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Comparison of Overall Survival Between Preoperative Chemotherapy and Chemoradiotherapy for Resectable Pancreatic Adenocarcinoma

Ali A. Mokdad, Rebecca M. Minter, Adam C. Yopp, Matthew R. Porembka, Sam C. Wang, Hong Zhu, Mathew M. Augustine, John C. Mansour, Michael A. Choti, and Patricio M. Polanco

Background: Preoperative therapy is being increasingly used in the treatment of resectable pancreatic cancer. Because there are only limited data on the optimal preoperative regimen, we compared overall survival (OS) between preoperative chemotherapy (CT) and preoperative chemoradiotherapy (CRT) in resectable pancreatic adenocarcinoma. Patients and Methods: Patients receiving preoperative therapy and resection for clinical T1–3N0–1M0 adenocarcinoma of the pancreas were identified in the National Cancer Database for 2006 through 2012. We constructed inverse probability of treatment weights to balance baseline group differences, and compared OS between CT and CRT, as well as pathologic and postoperative findings. Results: We identified 1,326 patients (CT: 616; CRT: 710). Differences in OS were not significant between CRT and CT (median survival, 25 vs 26 months; P=.10; weight-adjusted hazard ratio, 0.89; 95% CI, 0.77–1.02). Compared with patients in the CT group, those in the CRT group had lower pathologic T stage (ypT0/T1/T2: 36% vs 21%; P<.01), less lymph node involvement (ypN1: 35% vs 59%; P<.01), and fewer positive resection margins (14% vs 21%; P=.01), but had more postoperative unplanned readmissions (9% vs 6%; P=.01) and increased 90-day mortality (7% vs 4%; P=.03). Those in the CRT group were also less likely to receive postoperative therapy (26% vs 51%; P<.01). Conclusions: Preoperative CT and CRT have similar OS, but CRT is associated with more favorable pathologic features at the cost of higher postoperative morbidity and mortality. Additional trials investigating preoperative therapy are needed for patients with resectable pancreatic cancer.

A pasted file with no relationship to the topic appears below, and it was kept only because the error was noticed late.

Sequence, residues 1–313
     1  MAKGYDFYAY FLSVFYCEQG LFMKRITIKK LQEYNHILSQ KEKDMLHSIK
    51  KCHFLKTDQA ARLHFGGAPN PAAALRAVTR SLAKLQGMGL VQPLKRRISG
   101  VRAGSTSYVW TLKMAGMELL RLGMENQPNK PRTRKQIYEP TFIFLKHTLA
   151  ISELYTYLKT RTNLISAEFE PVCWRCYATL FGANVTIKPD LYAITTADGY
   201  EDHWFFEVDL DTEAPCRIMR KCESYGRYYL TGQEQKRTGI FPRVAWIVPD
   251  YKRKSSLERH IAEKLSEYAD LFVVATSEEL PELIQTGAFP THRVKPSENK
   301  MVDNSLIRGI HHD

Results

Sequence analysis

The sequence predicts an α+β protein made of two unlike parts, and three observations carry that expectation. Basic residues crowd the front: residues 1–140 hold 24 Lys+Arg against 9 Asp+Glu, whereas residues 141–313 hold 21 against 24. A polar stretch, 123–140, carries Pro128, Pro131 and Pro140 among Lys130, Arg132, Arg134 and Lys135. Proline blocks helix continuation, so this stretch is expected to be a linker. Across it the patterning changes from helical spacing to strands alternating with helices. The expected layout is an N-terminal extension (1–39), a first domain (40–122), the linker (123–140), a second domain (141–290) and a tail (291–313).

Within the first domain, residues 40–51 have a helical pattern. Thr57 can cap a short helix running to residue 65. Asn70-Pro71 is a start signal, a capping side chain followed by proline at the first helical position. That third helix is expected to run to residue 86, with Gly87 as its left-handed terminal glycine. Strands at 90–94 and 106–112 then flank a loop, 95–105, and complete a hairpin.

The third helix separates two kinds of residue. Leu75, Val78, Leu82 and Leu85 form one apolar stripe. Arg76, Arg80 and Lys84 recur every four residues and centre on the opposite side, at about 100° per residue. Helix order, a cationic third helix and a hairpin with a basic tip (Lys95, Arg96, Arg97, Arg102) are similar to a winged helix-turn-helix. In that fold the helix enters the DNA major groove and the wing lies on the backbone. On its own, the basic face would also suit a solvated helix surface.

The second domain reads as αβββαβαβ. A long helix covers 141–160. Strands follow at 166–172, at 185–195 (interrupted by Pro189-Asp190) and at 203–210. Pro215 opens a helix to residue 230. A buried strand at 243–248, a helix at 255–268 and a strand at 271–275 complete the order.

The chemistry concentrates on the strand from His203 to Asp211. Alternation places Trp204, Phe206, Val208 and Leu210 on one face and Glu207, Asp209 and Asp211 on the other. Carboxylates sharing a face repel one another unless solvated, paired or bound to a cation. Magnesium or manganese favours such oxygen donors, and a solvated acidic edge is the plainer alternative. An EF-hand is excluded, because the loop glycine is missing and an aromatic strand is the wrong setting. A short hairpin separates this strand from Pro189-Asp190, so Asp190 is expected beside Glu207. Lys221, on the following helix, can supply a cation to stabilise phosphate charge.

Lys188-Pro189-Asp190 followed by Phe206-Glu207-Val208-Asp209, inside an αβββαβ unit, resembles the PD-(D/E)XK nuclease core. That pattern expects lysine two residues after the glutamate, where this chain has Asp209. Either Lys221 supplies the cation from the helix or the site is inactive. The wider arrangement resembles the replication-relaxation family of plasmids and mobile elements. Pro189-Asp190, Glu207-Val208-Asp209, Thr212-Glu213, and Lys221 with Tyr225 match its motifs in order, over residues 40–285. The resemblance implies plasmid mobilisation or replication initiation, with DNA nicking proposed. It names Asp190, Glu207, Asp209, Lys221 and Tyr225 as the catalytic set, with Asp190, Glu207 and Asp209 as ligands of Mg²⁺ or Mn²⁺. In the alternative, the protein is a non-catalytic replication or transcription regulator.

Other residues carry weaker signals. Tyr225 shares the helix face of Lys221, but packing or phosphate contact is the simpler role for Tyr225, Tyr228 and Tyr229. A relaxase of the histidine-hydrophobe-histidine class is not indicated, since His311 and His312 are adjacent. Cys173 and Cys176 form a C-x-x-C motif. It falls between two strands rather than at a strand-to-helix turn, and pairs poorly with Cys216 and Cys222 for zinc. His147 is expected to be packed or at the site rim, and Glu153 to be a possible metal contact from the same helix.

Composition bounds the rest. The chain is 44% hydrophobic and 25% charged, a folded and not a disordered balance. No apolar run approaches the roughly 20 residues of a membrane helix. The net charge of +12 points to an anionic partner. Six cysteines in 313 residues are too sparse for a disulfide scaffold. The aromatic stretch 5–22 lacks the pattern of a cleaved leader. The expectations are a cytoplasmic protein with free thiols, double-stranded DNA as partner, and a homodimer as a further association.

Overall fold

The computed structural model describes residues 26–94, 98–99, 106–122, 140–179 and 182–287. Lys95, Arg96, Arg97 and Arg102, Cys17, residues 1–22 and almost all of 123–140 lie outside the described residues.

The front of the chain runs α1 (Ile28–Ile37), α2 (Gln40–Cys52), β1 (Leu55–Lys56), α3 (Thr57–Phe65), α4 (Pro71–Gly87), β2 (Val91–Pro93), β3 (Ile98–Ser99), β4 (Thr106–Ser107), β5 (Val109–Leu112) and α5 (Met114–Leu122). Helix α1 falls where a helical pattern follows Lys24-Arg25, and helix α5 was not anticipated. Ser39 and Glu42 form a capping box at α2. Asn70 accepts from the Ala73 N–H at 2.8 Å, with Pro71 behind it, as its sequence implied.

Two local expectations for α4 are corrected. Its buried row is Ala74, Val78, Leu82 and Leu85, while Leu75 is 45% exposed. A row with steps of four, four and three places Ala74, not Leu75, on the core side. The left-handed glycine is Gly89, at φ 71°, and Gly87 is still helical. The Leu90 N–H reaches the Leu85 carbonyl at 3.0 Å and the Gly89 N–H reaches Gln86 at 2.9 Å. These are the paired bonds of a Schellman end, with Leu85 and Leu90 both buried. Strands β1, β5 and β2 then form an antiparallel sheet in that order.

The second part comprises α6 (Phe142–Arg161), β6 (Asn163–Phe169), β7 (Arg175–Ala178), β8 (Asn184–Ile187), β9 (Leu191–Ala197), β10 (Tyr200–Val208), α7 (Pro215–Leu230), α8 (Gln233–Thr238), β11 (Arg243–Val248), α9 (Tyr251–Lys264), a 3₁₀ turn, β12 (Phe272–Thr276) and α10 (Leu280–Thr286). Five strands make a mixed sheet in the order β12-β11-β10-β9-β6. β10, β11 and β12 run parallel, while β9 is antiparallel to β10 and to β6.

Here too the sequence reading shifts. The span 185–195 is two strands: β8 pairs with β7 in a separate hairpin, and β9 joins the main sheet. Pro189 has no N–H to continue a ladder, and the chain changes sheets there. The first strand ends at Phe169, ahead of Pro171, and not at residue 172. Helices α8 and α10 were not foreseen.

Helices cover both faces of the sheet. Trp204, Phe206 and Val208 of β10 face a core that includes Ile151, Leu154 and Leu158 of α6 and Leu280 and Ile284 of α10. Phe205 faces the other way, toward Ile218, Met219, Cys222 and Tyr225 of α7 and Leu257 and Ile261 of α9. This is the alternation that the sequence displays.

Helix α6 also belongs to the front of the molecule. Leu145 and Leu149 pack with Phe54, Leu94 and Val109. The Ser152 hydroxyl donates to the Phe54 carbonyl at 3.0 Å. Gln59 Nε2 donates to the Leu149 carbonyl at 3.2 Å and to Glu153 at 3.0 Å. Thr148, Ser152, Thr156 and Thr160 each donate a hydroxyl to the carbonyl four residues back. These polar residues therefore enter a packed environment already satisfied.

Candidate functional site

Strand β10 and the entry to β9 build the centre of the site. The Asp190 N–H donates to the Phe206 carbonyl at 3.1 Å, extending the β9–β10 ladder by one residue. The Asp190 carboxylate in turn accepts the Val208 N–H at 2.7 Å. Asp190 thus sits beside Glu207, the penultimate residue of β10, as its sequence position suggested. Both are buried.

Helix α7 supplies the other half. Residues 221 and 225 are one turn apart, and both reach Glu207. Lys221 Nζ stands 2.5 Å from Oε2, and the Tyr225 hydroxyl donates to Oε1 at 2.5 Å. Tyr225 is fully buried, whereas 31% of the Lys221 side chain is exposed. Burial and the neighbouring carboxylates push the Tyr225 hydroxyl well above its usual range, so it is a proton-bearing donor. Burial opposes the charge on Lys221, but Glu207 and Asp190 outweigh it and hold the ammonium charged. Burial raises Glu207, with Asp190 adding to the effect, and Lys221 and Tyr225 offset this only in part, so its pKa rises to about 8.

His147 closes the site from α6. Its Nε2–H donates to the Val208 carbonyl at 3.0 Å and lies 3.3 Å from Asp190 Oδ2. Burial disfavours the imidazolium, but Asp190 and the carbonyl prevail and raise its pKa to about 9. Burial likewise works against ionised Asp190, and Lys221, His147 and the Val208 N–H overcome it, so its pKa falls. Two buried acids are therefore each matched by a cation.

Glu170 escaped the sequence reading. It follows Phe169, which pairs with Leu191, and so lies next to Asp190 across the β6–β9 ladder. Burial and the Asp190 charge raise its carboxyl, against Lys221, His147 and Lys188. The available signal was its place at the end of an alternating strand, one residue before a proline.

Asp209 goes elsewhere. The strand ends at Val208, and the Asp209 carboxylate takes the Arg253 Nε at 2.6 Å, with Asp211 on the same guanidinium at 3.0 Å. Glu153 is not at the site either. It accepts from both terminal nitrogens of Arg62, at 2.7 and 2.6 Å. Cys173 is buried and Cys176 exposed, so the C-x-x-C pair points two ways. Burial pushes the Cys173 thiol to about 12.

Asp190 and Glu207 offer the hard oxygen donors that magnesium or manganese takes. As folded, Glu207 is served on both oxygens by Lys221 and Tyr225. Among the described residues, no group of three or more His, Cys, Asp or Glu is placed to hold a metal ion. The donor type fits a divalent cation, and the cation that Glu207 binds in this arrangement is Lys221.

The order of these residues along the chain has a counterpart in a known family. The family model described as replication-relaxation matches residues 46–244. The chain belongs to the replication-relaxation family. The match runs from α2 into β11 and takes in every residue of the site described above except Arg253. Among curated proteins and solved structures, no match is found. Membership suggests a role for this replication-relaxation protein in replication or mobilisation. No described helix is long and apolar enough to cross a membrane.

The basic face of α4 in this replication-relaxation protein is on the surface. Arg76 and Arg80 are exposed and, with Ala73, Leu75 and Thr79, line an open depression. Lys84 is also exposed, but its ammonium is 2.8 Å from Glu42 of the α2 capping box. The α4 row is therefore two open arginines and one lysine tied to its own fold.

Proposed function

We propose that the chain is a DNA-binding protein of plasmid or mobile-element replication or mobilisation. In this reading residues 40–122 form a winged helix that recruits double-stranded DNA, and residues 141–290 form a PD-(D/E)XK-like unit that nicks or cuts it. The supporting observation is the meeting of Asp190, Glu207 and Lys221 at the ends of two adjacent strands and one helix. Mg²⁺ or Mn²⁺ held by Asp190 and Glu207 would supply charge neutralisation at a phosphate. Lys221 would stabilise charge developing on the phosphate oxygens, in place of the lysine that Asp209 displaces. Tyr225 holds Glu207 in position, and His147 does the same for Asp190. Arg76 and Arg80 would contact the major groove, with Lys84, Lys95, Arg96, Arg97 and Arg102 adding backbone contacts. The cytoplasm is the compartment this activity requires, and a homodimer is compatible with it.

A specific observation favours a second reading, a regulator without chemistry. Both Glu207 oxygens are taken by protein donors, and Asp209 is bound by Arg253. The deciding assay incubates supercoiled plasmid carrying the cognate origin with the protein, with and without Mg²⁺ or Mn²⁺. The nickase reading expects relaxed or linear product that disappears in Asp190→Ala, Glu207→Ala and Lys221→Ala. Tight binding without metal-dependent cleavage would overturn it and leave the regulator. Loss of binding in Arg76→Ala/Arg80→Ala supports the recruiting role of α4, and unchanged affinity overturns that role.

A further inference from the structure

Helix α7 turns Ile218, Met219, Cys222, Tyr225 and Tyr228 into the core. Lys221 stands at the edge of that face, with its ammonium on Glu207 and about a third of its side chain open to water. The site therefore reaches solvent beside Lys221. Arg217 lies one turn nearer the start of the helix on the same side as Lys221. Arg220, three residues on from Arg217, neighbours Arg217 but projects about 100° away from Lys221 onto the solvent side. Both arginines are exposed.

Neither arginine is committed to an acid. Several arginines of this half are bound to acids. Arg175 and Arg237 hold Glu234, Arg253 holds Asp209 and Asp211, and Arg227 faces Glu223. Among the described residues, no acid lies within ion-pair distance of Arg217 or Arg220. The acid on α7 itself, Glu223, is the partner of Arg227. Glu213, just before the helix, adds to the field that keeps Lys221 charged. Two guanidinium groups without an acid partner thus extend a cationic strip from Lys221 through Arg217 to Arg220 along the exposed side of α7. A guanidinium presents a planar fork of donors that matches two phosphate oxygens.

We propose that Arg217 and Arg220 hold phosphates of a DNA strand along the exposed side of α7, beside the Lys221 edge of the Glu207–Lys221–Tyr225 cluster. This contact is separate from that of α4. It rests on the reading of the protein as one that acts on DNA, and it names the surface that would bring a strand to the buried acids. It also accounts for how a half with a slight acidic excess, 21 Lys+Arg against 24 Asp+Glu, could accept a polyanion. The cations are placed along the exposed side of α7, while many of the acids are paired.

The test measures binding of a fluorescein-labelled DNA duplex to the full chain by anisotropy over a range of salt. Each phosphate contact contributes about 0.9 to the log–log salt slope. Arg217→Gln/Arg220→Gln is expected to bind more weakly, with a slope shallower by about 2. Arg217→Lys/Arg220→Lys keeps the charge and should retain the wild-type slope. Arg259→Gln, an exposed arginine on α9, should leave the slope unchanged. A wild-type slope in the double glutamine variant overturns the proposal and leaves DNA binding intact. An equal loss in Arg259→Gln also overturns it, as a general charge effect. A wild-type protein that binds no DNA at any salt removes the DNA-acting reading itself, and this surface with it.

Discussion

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Enhancing Readability of Online Patient-Facing Content: The Role of AI Chatbots in Improving Cancer Information Accessibility

Andres A. Abreu, Gilbert Z. Murimwa, Emile Farah, James W. Stewart II, Lucia Zhang, Jonathan Rodriguez, John Sweetenham, Herbert J. Zeh III, Sam C. Wang, and Patricio M. Polanco

Background: Internet-based health education is increasingly vital in patient care. However, the readability of online information often exceeds the average reading level of the US population, limiting accessibility and comprehension. This study investigates the use of chatbot artificial intelligence to improve the readability of cancer-related patient-facing content. Methods: We used ChatGPT 4.0 to rewrite content about breast, colon, lung, prostate, and pancreas cancer across 34 websites associated with NCCN Member Institutions. Readability was analyzed using Fry Readability Score, Flesch-Kincaid Grade Level, Gunning Fog Index, and Simple Measure of Gobbledygook. The primary outcome was the mean readability score for the original and artificial intelligence (AI)–generated content. As secondary outcomes, we assessed the accuracy, similarity, and quality using F1 scores, cosine similarity scores, and section 2 of the DISCERN instrument, respectively. Results: The mean readability level across the 34 websites was equivalent to a university freshman level (grade 13±1.5). However, after ChatGPT’s intervention, the AI-generated outputs had a mean readability score equivalent to a high school freshman education level (grade 9±0.8). The overall F1 score for the rewritten content was 0.87, the precision score was 0.934, and the recall score was 0.814. Compared with their original counterparts, the AI-rewritten content had a cosine similarity score of 0.915 (95% CI, 0.908–0.922). The improved readability was attributed to simpler words and shorter sentences. The mean DISCERN score of the random sample of AI-generated content was equivalent to “good” (28.5±5), with no significant differences compared with their original counterparts. Conclusions: Our study demonstrates the potential of AI chatbots to improve the readability of patient-facing content while maintaining content quality. The decrease in requisite literacy after AI revision emphasizes the potential of this technology to reduce health care disparities caused by a mismatch between educational resources available to a patient and their health literacy.